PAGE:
The moment of truth for network neutrality may arrive today in the U.S. House of Representatives.
Speaker of the House J. Dennis Hastert told reporters yesterday he has scheduled a full floor vote Thursday on the Communications Opportunity, Promotion, and Enhancement Act of 2006 (COPE), a telecom reform bill that includes both national video franchising and network neutrality.
Under COPE, issues of network neutrality would be handled by the Federal Communications Commission (FCC) on a case-by-case basis. And network neutrality violations would be based on the principles established by the FCC last August.
"I expect it to sail through the House," Rep. Joe Barton (R-Texas), author of the bill and chairman of the House Energy and Commerce Committee, predicted.
Critics, including most technology companies and a number of consumers groups, hope the bill will be amended on the floor to add statutory language prohibiting broadband carriers from discriminating against content, service and application providers through different pricing levels based on bandwidth consumption.
The decision on any possible amendments will be thrashed out in a meeting of the House Rules Committee Wednesday afternoon.
Network neutrality proponents are supporting amendments by Rep. James Sensenbrenner (R-Wisc.) and Rep. Ed Markey (D-Mass.).
Under Sensenbrenner's amendment, broadband network operators such as AT&T and Verizon would be barred from charging extra fees to run content at the same speed and quality of the network owner's own content.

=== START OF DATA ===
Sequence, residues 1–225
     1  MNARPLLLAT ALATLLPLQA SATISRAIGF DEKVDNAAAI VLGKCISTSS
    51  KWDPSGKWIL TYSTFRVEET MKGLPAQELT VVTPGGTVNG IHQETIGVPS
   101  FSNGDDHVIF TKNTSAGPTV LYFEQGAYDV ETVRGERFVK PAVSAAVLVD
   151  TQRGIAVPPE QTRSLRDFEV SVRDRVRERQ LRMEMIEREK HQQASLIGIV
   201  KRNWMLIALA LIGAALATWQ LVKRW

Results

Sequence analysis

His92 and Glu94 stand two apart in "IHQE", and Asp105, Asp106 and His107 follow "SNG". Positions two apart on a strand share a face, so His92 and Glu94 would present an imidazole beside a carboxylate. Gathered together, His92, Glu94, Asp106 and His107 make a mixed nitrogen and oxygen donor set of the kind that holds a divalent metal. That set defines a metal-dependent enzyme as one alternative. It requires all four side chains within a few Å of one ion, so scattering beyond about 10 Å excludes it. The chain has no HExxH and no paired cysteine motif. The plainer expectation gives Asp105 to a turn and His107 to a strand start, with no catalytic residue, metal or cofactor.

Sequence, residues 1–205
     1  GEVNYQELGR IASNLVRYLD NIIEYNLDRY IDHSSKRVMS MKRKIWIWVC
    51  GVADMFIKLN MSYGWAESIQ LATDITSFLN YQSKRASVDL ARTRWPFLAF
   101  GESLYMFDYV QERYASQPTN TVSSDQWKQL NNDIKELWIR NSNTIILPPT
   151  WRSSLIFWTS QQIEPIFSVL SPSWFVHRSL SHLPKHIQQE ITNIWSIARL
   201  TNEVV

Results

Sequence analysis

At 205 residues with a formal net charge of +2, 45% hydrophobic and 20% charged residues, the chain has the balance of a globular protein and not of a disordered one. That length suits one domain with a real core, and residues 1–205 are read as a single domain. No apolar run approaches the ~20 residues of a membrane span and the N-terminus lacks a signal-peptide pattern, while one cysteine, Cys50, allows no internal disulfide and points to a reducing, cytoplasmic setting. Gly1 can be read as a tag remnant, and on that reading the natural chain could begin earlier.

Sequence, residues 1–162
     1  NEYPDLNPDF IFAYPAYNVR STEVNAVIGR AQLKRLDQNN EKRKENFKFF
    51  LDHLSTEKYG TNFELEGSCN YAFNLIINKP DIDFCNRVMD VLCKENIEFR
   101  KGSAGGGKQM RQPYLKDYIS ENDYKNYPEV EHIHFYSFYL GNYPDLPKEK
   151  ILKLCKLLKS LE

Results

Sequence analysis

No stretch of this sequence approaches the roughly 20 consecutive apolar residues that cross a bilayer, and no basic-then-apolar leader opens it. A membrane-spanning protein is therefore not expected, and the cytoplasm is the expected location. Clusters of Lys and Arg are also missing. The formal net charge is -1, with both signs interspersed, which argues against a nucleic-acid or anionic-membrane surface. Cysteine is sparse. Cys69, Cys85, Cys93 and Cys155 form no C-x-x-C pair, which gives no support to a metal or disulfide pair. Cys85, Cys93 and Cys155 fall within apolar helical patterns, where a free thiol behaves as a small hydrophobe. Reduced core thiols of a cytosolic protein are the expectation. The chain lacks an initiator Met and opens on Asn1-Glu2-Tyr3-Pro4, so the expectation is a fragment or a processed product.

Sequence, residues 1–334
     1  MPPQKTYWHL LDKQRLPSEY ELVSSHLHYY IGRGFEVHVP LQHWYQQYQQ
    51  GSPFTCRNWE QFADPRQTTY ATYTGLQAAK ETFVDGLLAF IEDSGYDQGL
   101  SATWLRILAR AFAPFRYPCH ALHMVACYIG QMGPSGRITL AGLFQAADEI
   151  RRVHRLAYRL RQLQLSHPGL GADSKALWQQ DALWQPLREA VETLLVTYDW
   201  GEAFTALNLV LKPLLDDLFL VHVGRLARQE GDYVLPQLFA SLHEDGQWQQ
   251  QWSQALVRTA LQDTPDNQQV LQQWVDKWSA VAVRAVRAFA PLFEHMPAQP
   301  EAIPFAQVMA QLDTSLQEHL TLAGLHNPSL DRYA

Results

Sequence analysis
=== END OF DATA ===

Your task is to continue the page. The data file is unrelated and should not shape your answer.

Markey's measure would prohibit broadband providers from charging content and service providers different rates based on bandwidth consumption.
"One, but not both, may make it to the floor," Hastert said.
Sensenbrenner's amendment passed in the form of a bill last month on 20-13 vote in the House Judiciary Committee.
Six Republicans joined 14 Democrats to ensure passage of the bill. Thirteen Republicans opposed the legislation.
Markey attempted to amend COPE when it came up for a House Energy and Commerce vote in April. The amendment failed on a 34-22 vote. Five Democrats voted against the amendment.
"Mr. Markey miserably failed to get his amendment passed," Barton said. "I'm not inclined to give people another bite of the apple."
Barton also hinted that the vote might be delayed until Friday.
As for fellow Republican Sensenbrenner's amendment, Barton noted, "Mr. Sensenbrenner didn't even have support within his own majority."
Whatever the House passes, the issue of network neutrality will continue to roil Washington. The Senate has yet to pass a telecom reform bill out of a committee.
Under legislation being pushed by Senate Commerce Committee Chairman Ted Stevens of Alaska, network neutrality would be given to the FCC for further study.
Supporters of network neutrality hope language similar to Sensenbrenner's and Markey's bills will be included in the Senate version of telecom reform.
Differences between the House bill and the Senate bill would then have to be worked out in a conference committee.
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